The new AARP report, co-authored by Colette Thayer and Angela Houghton (both senior research advisors at AARP), is a compilation of data gathered in partnership with market research company Hotspex, Inc. via an online survey of nearly 2,000 women conducted this past summer.
The executive summary of the 2019 AARP Survey of Women’s Reflections on Beauty, Age, and Media highlights a number of findings, including that “women make a significant investment of time and money in beauty;” that “as women age, they have unmet beauty needs;” and that “women reward brands that promote real inclusion — including age.”
There’s a big opportunity to create beauty products that meet the expectations of women over 40
“Women ages 50 and older have difficulty finding products tailored to their age,” write Thayer and Houghton; and, “70% of women ages 40+ want to see more perimenopausal and menopausal beauty and personal grooming products,” according to the AARP data.
Here, beauty startups are leading the way, demonstrating market readiness and actively proving product concepts with consumers 40+. Startups like the hair care brand Better Not Younger, founded by Sonsoles Gonzalez, and the skin care brand Pause Well-Aging, founded by Rochelle Weitzner, have developed products expressly for the needs of women who are going through and / or are beyond menopause.
According to AARP, Gen X women (age 39 – 54) use an average of 6 products each day, spend $42 each month on beauty, and spend 41 minutes each day on beauty. Boomer women (age 55 – 73) use 5 products, spend $30 and 38 minutes.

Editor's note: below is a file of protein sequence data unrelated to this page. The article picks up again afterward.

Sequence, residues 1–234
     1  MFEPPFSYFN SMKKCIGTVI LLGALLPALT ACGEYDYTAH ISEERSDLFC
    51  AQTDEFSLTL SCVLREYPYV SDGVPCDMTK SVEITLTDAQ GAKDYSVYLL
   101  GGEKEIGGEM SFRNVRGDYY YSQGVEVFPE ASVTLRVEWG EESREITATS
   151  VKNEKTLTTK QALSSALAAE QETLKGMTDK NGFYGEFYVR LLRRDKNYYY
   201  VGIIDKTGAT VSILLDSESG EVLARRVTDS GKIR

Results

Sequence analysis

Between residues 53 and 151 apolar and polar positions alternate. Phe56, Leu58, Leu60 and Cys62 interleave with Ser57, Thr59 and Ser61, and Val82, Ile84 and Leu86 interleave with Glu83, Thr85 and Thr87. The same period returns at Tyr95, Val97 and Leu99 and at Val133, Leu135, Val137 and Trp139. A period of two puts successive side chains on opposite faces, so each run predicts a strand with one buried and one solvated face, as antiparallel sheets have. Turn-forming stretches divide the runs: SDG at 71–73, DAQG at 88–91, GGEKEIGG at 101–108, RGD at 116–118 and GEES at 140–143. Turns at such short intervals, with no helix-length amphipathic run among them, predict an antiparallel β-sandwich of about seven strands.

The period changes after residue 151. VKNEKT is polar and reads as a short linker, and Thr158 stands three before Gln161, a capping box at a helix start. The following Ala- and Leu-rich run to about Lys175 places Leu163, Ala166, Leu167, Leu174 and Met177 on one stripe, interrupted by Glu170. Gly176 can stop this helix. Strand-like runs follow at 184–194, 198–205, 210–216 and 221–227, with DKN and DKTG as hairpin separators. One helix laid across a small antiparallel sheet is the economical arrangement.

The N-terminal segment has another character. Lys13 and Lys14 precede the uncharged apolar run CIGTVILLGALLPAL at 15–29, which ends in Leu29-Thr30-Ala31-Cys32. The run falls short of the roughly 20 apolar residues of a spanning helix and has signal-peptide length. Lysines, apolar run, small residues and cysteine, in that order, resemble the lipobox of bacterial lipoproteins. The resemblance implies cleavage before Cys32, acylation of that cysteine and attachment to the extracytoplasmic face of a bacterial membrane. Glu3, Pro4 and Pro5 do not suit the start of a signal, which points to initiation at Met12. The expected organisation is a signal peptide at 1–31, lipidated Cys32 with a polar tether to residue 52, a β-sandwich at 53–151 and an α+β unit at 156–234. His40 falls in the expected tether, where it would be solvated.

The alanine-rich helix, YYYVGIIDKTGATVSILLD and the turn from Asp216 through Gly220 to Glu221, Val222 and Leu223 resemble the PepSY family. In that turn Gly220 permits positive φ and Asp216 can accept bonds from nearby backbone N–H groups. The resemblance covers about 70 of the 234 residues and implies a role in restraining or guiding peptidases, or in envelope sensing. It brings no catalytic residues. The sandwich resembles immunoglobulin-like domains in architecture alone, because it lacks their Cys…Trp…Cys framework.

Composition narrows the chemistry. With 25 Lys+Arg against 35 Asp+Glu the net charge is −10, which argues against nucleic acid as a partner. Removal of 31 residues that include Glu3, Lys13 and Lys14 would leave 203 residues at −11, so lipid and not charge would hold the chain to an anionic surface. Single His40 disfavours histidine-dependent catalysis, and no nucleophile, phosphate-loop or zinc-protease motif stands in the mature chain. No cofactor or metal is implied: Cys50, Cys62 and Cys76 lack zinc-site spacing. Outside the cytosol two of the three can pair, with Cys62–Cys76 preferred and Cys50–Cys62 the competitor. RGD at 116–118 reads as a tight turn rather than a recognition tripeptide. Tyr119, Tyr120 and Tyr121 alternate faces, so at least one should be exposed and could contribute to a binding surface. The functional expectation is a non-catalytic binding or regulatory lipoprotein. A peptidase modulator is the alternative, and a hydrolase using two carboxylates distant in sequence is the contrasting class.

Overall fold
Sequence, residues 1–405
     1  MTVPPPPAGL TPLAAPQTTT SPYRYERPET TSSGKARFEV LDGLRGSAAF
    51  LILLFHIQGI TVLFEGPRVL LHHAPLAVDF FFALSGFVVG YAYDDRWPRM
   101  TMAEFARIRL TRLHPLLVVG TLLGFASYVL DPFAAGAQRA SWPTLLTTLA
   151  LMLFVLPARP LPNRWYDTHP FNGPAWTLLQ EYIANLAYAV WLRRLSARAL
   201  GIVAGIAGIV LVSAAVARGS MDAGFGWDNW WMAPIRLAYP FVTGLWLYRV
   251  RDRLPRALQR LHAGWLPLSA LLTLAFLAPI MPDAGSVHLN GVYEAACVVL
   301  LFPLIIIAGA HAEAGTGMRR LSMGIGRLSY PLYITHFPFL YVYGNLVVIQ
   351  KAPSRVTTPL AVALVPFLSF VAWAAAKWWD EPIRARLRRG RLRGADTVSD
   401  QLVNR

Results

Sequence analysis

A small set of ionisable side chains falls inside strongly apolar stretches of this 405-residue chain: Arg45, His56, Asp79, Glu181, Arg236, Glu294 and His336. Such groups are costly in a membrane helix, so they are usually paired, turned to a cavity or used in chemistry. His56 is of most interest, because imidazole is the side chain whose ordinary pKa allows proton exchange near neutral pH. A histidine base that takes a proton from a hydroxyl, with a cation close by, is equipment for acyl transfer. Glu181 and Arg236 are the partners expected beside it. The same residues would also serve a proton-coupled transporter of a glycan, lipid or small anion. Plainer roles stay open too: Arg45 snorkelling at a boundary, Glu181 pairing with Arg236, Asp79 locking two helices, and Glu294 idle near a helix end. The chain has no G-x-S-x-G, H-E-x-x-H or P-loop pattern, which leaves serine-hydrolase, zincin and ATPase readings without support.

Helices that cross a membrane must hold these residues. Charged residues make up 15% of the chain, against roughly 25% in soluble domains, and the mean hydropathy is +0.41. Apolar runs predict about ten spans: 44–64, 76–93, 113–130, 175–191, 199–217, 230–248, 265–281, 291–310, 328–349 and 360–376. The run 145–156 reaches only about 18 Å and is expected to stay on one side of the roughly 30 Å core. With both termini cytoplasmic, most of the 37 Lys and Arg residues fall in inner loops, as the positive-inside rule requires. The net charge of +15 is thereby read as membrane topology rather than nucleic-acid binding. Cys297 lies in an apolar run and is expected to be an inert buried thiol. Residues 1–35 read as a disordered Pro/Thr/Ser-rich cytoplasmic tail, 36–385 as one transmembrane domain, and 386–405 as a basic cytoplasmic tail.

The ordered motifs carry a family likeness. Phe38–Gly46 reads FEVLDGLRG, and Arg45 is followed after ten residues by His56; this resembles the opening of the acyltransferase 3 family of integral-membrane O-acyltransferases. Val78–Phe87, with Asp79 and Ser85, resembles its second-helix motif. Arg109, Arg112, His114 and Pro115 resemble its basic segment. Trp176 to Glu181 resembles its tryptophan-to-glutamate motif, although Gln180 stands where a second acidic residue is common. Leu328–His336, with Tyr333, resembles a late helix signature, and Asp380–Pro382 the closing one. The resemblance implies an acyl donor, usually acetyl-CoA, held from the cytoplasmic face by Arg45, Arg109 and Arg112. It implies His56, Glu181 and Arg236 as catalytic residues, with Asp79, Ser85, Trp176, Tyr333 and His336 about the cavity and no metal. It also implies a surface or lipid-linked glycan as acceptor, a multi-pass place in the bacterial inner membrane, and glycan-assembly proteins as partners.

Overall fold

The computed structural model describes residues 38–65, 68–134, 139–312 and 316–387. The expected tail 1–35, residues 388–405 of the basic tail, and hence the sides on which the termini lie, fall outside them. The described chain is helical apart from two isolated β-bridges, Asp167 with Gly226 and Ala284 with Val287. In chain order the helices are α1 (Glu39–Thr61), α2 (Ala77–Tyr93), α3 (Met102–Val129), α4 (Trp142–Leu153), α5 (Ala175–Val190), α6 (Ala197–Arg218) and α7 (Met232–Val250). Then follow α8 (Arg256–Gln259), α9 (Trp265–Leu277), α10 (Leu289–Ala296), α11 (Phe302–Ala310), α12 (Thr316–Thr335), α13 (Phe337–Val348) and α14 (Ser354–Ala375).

When asked about their unmet beauty needs, 44% of women over 40 want to see more perimenopausal and menopausal skin care products. 33% are looking for more such hair care products; 30% are looking for body care; while 28% are looking for beauty products that address hot flashes and 25% for products that address night sweats.
Women support brands that support a diversity of women
AARP and Hotspex, Inc. found that women of every age think that older adults are not well represented in advertising and would like to see more realistic images of people in beauty advertising.
65% of women over 18 “feel [that] representation of older adults in advertising is inadequate.” When broken out by generation, 58% of millennials feel that way, 64% of Gen Xers do, and 74% of boomers.
“Brands can deepen emotional connections with consumers and potentially increase revenue as well,” write Thayer and Houghton, as a preface to data showing that well over 80% of all women “feel better about brands that feature a mix of ages in their ads;” and that well over 70% of all women (and 79% of boomers) are “more likely to buy from brands that feature a mix of ages in their ads.”
Similarly, 77% of all women surveyed are “more likely to buy from brands that feature people with different body shapes in their ads.”
Deanna Utroske, CosmeticsDesign.com Editor, covers beauty business news in the Americas region and publishes the weekly Indie Beauty Profile column, showcasing the inspiring work of entrepreneurs and innovative brands.